The right of everyone to the enjoyment of the highest attainable standard of physical and mental health – or simply “the right to health” – is explicitly formulated in an array of international law instruments, of which most Central Asian states are part. These instruments define states’ obligation to provide healthcare services for all, without discrimination based on health status, ethnicity, age, sex, disability, language, religion, national origin, income, social status or any other characteristic. This right is particularly important to Central Asian migrants considering the significance of the migration phenomenon in the region. Indeed, the well-being of many households directly depends on migrants’ remittances. Moreover, ongoing processes of regional integration (such as the entry into force of the Eurasian Economic Union) as well as circumstantial factors (for instance the re-entry bans imposed by the Russian Federation on many Central Asian migrants) are intensifying mobility within the Central Asian region. These trends point to the need to address the health challenges of the most mobile and vulnerable groups of all: migrants.
It can be argued that migration’s impact on health is significant and mainly negative. The inability and/or unwillingness to obtain healthcare services in host countries often lead to practices of self-treatment and self-medication, which in the absence of sufficient medical knowledge can bring about negative health outcomes. The relationship between migration and health also concerns trends in migration of healthcare professionals such as physicians and nurses (chapter three). Indeed, the migratory behaviour of this group impacts the regional and national distribution of the health workforce, as well as the availability and quality of healthcare services in many regions. Overall, the migratory behaviour of healthcare professionals is dictated by general migration patterns in the Eurasian system. Wage differences and standards of living play an important role in migration decisions of healthcare students and medical personnel. However, other important factors such personal aspirations, self-fulfilment, perspectives of professional growth, specialisation and further training are considered as important determinants of migration choices. In general, the state of development of the medical sector is a strong determinant of migration decision processes of healthcare professionals. The more developed the medical sector is, the less current or future health workers will be prone to migrate. This trend is well illustrated by the differences between the “Kyrgyzstan model” and the “Kazakhstan model”.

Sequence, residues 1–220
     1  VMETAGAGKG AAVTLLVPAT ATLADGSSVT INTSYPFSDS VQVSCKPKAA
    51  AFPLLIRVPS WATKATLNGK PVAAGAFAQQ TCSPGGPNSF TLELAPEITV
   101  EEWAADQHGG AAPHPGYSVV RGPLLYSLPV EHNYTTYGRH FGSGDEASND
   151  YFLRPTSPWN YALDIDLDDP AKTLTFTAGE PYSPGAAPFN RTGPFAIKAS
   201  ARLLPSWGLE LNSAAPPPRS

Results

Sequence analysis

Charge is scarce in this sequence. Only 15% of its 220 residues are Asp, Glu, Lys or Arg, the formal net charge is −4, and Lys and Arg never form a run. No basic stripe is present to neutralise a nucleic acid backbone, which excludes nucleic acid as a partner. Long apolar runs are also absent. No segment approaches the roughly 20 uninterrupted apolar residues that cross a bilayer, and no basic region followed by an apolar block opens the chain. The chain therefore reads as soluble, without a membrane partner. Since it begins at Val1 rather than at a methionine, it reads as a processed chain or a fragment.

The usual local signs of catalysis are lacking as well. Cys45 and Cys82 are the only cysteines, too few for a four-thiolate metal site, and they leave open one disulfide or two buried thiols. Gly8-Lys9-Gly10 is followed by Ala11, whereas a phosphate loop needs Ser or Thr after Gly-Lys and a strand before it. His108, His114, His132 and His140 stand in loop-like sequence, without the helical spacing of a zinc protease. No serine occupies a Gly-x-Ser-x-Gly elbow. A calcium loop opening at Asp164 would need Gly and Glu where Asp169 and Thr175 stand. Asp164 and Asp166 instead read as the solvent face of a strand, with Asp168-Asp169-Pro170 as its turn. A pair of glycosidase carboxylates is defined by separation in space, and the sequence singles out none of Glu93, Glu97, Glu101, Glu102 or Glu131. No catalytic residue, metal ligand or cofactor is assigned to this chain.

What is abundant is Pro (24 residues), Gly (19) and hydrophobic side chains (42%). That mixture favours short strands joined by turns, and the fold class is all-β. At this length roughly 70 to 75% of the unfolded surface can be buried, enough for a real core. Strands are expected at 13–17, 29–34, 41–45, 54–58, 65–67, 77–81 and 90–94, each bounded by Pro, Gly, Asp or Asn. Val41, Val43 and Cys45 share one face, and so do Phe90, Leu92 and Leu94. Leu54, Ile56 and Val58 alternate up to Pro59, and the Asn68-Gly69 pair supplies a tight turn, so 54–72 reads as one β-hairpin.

Based on assessment results, recommendations were formulated to further realize migrants’ right to health in Central Asia (chapter five). The underlying rationale of these recommendations is that addressing migration health issues is beneficial not only for migrants themselves, but also for the societies
Based on assessment results, recommendations were formulated to further realize migrants’ right to health in Central Asia (chapter five). The underlying rationale of these recommendations is that addressing migration health issues is beneficial not only for migrants themselves, but also for the societies hosting them. They aim to: 1) enhance legislative and policy frameworks; 2) reduce the impact of legal status on access to healthcare; 3) address specific vulnerabilities, in particular those related to gender, age and legal status; 4) raise migrants’ awareness, knowledge and legal literacy about health impacting factors at the various stages of the migration journey; 5) strengthen migrants’ trust in government institutions; 6) enhance the health workforce’s knowledge and skills about migration health issues; 7) address occupational health risks through involvement of employers and the private sector; 8) establish post-return assistance and medical examination systems in countries of origin; 9) enhance the management of healthcare workers migration; 10) improve data collection and management systems; and 11) further involve migrants and host communities in migration health policy development.